Sunday, August 5, 2012

Post #304 - It's Never the Fat Cats Who Get De-Clawed

A correspondent for PBS' Frontine, writing from Tehran (7/19/12) talks about businesses there in his piece entitled:  "Feeling the Pinch: Iran's Embattled Importers":

Seated behind a large wood-paneled desk in downtown Tehran, Mohammed irritably folds up his newspaper and asks the office tea boy to fetch him a glass of iced water. Removing his gold-rimmed glasses, he drops his head in his hands.

It is a day after the long-anticipated E.U. sanctions banning European refineries from importing Iranian oil went into effect. A headline screams: "Iran Will Confront Sanctions with Foreign Capital Reserves." The governor of the Central Bank of Iran has declared that the country has $150 billion in foreign currency reserves, enough to weather the storm until an economic plan is enacted.

"They are lying," Mohammed says. "They don't have enough foreign currency to cover the country's imports."

Mohammed owns a company that imports base chemicals to supply Iran's plastic industry. His office walls are adorned with colorful jars containing the resins and liquids that he previously imported from Europe, but which now -- following successive rounds of sanctions -- are sourced from China, Malaysia, and Turkey. The sanctions are designed to force the country's clerical rulers to make concessions on their nuclear program, which Iran maintains is for peaceful purposes. The most biting set of sanctions, enforced since last December 31, bars foreign companies that do business with the Central Bank of Iran from the U.S. financial system.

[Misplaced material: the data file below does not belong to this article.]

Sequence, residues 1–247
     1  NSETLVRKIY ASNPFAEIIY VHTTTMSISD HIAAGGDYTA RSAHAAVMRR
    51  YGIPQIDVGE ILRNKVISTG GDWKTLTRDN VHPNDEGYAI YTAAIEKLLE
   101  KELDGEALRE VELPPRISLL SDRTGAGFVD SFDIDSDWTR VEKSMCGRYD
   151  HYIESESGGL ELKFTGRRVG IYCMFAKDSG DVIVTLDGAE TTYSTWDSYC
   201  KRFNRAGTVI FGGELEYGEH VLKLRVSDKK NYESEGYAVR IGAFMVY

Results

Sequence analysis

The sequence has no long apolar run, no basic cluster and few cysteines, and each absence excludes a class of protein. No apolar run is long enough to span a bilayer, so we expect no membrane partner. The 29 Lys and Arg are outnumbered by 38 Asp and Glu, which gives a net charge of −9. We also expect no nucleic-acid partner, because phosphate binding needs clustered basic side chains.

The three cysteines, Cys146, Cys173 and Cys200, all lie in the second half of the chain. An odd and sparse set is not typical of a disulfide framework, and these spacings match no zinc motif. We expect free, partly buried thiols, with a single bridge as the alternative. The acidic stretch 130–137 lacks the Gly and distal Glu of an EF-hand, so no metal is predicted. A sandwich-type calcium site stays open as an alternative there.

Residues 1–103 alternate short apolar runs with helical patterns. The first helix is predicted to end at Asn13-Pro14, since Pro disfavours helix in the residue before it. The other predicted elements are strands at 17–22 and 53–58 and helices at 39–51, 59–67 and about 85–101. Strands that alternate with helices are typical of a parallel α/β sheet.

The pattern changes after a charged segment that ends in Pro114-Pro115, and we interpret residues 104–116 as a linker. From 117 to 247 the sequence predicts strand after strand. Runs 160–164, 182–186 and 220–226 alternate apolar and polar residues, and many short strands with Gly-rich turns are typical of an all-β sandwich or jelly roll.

"It gets worse and worse every day," Mohammed explains. "Before the sanctions it took two days to get an import permit from the Ministry of Commerce or a letter of credit from the Iranian bank that pays the exporter.

"Now it takes two weeks for the import permit and 15-20 days for the letter. Customs is blocked up too. Last week we had a shipment that was held at Bandar Abbas for two months!" he said, referring to Iran's largest port.

These delays evidence a dry-up of foreign currency in Iran, caused by a drop in the oil exports that make up between 50 and 65 percent of all government revenue. This month, the volume of oil exports fell to third place in OPEC, slipping below Iraq for first time since 1989, just after the Iran-Iraq War.

Experts estimate that Iran's oil exports are down 35 percent compared with the beginning of the year, costing the country roughly $10 billion so far in lost revenue.

The remaining buyers of Iranian crude struggle to send their petrodollars to Iran due to a lack of banks that handle Iranian trade, creating a dearth in the foreign currency that is much needed by the country's importers. Until this past week, India was buying oil with grain and requiring Iran to deliver the crude to circumvent a ban on E.U. insurers providing coverage to Iran-bound tankers.
"It becomes easier and harder to buy dollars and euros depending on how the government's reserves look," says Mohammed. "Iran often takes payment for its oil from China by using IranAir planes to bring back vacuumed-packed bundles of dollars."

Mohammed is particularly bitter about what he sees as the free ride for Iran's government-affiliated firms, mostly linked to the Islamic Revolutionary Guard Corps. Labeled by many as "a state within a state," the Guards control a vast business empire estimated at around 30 percent of Iran's GDP, spanning construction to online shopping. This has attracted the ire of the many businesses outside what are seen as cosy government-protected circles, beset by patronage and nepotism.